Iamo and Meanou with two of their children, Peruka and Karaho.

From Journal of Pacific Adventist History.

Peruka, Meanou (died 1935)

By Thomas B. Davai


Thomas B. Davai, M.A. in leadership/administration (Avondale College, Corongbong, New South Wales, Australia) and B.A. in theology (Pacific Adventist University, Papua New Guinea). He is a Papua New Guinean by birth. He is also the former president of the Papua New Guinea Union Mission (2003-2010) and served as local church pastor, Mission and Union Mission departmental director, and local Mission administrator. Currently he is the director of Student Services, at Pacific Adventist University, Papua New Guinea. He was also awarded, by the Queen, a CMG (Order of Saint Michaels and St. George) presented by the Governor General in 2008 for outstanding service to the seventh day Adventist church and the community.

First Published: January 28, 2020

In the early 1920s Meanou, from Tubusereia village, some 30 kilometers (19 miles) southeast of Port Moresby, Papua New Guinea, decided to become a missionary for the London Missionary Society (LMS), and went from his village looking for a training school. His plan was to go to the LMS Manumanu Training School, some 200 kilometers (125 miles) northwest of Port Moresby and then become a missionary to the Papuan Gulf. However, he was discouraged by Iamo, his wife, because he had such a bad temper and she did not think he would make a good missionary with those character traits.1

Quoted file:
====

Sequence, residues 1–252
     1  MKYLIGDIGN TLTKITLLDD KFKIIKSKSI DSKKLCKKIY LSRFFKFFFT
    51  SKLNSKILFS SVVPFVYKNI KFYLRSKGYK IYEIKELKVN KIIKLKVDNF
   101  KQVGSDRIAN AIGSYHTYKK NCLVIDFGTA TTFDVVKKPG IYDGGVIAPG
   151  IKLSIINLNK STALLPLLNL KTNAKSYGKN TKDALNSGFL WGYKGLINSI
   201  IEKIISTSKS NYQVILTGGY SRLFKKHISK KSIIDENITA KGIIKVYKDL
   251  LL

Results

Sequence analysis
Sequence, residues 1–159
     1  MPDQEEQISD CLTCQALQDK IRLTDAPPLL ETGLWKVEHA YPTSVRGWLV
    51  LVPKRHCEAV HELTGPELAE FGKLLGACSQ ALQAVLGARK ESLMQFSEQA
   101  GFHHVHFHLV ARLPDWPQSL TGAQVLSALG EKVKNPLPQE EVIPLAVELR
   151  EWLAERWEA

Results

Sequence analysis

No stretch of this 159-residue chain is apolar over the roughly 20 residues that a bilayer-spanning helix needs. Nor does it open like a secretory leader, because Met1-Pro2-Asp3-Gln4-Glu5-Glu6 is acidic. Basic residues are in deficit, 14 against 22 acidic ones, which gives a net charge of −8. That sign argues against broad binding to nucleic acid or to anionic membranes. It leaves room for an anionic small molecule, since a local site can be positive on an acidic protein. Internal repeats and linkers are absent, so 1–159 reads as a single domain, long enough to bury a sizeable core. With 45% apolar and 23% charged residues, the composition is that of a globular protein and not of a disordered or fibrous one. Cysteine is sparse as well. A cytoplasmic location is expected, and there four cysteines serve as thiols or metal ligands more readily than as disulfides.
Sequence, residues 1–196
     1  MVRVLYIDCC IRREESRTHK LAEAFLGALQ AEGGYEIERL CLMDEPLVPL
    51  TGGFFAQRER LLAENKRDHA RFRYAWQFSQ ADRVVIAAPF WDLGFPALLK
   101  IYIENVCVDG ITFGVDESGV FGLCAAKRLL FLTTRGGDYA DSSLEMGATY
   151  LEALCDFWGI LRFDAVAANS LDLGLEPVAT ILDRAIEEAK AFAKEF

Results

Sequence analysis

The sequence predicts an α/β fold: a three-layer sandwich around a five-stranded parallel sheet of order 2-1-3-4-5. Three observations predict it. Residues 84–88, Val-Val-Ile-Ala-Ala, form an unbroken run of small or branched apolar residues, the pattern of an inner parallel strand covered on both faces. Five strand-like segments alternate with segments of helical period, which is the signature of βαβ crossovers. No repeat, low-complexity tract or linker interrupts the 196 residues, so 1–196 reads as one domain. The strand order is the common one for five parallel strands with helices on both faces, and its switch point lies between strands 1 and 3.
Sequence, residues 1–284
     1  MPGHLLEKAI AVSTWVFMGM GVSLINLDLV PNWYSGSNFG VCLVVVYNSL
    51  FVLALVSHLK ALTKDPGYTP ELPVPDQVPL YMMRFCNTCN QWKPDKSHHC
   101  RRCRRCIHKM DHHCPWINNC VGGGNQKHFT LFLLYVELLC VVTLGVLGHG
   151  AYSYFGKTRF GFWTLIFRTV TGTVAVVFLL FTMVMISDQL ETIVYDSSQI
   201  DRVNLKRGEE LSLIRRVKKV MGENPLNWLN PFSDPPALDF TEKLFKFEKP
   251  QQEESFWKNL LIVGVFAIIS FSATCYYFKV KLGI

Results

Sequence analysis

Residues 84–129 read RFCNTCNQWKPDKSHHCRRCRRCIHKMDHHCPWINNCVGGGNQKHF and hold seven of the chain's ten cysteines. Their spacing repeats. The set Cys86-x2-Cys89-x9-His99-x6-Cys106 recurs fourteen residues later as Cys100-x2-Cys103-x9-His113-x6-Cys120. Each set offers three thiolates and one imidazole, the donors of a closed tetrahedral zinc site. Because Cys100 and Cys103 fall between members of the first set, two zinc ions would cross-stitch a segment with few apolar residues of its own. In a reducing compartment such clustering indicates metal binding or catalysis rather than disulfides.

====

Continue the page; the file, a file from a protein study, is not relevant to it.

While having conflict with his plans, he met a man by the name of Kiki, originally from Gulf province, who worked at Tahira, a village near Tubusereia. Kiki told Meanou about the Seventh-day Adventist (SDA) training school at Bisiatabu on the Sogeri Plateau in the mountains inland from Tubusereia. In 1908 and1909 Kiki had been working at Bisiatabu with Albert Bartman doing construction work. He did not become an Adventist. However, he shared with many people the story of the church that he saw at Bisiatabu. He described the church as white in color, with a Picture Roll hanging on the wall. He insisted that the people always met together on a Saturday rather than a Sunday. Meanou was so intrigued with Kiki’s encouragement that he decided that he would go to Bisiatabu.